The Justice Department said the defendants relied on a complex web of shell companies and kickbacks to corrupt the government. In a particularly startling example, a participant allegedly created a list of the fake children he supposedly served them meals, filled with names drawn from the website listofrandomnames.com. The government accused others of fabricating spreadsheets with invented ages or falsifying their invoices, all in pursuit of federal criticism.
Once they had the money, some of the defendants bought “homes in Minnesota, resorts and real estate in Kenya and Turkey, luxury cars, commercial properties, jewelry, and much more,” according to Andrew M. Luger, US. Minnesota District Attorney, who briefed reporters on the case on Tuesday.
The scale of the scheme, which drains money for hungry children, has repeatedly led the Department of Justice to describe the theft as “rude.” The admission underscored the enormous challenge federal prosecutors have faced in monitoring approved spending since the start of the pandemic — all while prosecuting criminals who treated aid as potential windfall.
“These indictments, alleging the largest pandemic relief fraud scheme indicted to date, underscore the Department of Justice’s continued commitment to combating pandemic fraud and holding perpetrators to account,” Attorney General Merrick Garland said in a statement.
Our future feed cannot be reached for comment. A call to a phone number listed on its website could not be completed, and a lawyer representing the organization in related lawsuits did not immediately respond to a request for comment. Amy Bock, the nonprofit’s founder and CEO, has previously denied any wrongdoing.
Federal food aid is an important part of the nearly $5 trillion in emergency spending that Congress has embraced since 2020. The money helped rescue the economy from the worst crisis since the Great Depression, shooting millions of Americans while helping workers find jobs and businesses remain. afloat. But the money also opened the door to billions of dollars in waste, fraud and misuse, the scale of which is starting to show. The Washington Post explores the problem in a year-long investigation titled The Covid Money Trail.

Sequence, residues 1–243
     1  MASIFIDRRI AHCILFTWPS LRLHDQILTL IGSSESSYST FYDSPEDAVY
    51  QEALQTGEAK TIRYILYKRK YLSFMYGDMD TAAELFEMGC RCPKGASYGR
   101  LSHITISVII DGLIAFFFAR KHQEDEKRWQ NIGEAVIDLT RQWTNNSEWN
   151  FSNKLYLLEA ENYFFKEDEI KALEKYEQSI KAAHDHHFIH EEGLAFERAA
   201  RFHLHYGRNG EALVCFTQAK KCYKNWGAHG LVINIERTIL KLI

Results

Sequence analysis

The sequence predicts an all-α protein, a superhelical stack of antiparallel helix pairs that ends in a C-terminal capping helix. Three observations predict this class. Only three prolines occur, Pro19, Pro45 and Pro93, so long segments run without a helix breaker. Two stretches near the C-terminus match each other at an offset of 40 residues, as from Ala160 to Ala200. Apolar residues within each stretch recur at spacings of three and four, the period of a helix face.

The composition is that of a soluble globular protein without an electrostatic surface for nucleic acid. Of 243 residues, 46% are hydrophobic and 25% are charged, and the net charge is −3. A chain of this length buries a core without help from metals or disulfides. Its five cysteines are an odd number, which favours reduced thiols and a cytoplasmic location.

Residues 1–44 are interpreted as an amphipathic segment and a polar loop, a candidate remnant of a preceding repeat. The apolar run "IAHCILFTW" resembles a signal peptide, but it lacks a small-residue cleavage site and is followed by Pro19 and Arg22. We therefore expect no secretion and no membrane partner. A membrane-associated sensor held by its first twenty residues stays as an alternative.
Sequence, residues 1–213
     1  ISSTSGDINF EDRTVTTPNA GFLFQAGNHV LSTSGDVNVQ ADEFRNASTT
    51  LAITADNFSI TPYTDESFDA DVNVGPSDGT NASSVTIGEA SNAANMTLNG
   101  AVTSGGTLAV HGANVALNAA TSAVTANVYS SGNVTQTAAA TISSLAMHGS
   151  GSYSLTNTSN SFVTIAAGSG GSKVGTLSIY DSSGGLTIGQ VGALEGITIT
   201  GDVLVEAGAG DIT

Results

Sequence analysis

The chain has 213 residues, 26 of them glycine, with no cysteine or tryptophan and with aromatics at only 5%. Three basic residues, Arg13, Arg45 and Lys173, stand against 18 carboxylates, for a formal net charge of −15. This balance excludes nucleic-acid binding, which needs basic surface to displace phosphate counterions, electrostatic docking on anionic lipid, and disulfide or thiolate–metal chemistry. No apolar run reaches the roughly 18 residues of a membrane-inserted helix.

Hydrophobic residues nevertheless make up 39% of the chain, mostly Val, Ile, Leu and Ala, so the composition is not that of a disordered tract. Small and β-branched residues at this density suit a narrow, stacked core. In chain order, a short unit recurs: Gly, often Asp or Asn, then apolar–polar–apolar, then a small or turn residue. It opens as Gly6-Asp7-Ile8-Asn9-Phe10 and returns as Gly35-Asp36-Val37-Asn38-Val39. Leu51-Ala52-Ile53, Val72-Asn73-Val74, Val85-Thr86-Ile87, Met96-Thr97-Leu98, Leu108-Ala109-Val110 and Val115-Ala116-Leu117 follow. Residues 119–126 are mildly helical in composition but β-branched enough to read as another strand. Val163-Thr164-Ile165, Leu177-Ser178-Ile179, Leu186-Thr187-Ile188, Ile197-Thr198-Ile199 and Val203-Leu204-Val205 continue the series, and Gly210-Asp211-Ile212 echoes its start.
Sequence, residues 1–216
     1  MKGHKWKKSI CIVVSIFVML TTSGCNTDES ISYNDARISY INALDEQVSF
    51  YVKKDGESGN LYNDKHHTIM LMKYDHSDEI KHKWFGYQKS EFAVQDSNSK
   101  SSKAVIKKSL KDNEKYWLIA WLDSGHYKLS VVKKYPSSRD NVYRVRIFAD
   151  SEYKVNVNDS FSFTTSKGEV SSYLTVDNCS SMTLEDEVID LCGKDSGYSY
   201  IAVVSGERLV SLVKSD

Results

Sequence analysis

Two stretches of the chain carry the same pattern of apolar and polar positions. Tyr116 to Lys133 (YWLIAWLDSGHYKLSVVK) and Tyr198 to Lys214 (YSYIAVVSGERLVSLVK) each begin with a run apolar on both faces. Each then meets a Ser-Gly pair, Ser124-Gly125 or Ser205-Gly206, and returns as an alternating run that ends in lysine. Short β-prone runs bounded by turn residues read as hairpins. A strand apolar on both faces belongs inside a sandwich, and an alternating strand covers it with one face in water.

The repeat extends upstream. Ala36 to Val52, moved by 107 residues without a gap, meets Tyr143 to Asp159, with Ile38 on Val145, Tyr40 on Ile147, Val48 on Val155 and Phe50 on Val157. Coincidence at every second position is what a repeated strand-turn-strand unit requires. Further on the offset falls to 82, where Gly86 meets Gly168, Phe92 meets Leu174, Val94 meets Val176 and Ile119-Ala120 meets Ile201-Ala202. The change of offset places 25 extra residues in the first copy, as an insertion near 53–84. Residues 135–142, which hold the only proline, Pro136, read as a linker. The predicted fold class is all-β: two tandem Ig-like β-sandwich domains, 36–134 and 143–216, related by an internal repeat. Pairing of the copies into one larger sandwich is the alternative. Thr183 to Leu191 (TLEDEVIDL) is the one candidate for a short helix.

By targeting unemployment insurance, seasoned criminals have repeatedly stolen the identities of innocent Americans, potentially draining much-needed unemployment assistance of more than $160 billion. Similar plans targeted the nearly $1 trillion in aid administered by the Small Business Administration, which provided loans and grants to businesses that did not exist, and should not have qualified for the aid or appeared to be operating abroad.
In other cases, insufficient federal oversight and lax software rules have led to problems. Several Republican-led states, for example, have tried to put their allocations under a $350 billion aid program in favor of political projects, such as tax cuts and immigration crackdowns. Still, another federal initiative to retrain veterans saw only 397 find new jobs, a far cry from what lawmakers had hoped.
Covid money trail
This was the biggest explosion of emergency spending in US history: two years, six bills and more than $5 trillion aimed at breaking the deadly grip of the coronavirus pandemic. The money saved the American economy from ruin and put vaccines into millions of guns, but it also led to unprecedented levels of fraud, abuse, and opportunism.